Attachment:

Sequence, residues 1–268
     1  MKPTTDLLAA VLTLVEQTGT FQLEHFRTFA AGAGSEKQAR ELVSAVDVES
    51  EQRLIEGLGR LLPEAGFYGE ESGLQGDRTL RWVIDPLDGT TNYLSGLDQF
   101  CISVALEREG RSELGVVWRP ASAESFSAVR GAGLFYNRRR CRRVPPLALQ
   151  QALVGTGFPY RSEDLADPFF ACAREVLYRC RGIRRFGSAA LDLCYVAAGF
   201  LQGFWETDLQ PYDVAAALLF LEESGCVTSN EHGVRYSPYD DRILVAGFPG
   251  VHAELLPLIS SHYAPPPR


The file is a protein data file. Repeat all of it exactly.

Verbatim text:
Sequence, residues 1–268
     1  MKPTTDLLAA VLTLVEQTGT FQLEHFRTFA AGAGSEKQAR ELVSAVDVES
    51  EQRLIEGLGR LLPEAGFYGE ESGLQGDRTL RWVIDPLDGT TNYLSGLDQF
   101  CISVALEREG RSELGVVWRP ASAESFSAVR GAGLFYNRRR CRRVPPLALQ
   151  QALVGTGFPY RSEDLADPFF ACAREVLYRC RGIRRFGSAA LDLCYVAAGF
   201  LQGFWETDLQ PYDVAAALLF LEESGCVTSN EHGVRYSPYD DRILVAGFPG
   251  VHAELLPLIS SHYAPPPR